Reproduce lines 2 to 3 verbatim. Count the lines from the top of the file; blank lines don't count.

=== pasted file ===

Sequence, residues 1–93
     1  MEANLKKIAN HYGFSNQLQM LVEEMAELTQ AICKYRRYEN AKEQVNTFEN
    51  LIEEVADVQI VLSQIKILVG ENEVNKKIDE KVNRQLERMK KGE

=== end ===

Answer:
     1  MEANLKKIAN HYGFSNQLQM LVEEMAELTQ AICKYRRYEN AKEQVNTFEN
    51  LIEEVADVQI VLSQIKILVG ENEVNKKIDE KVNRQLERMK KGE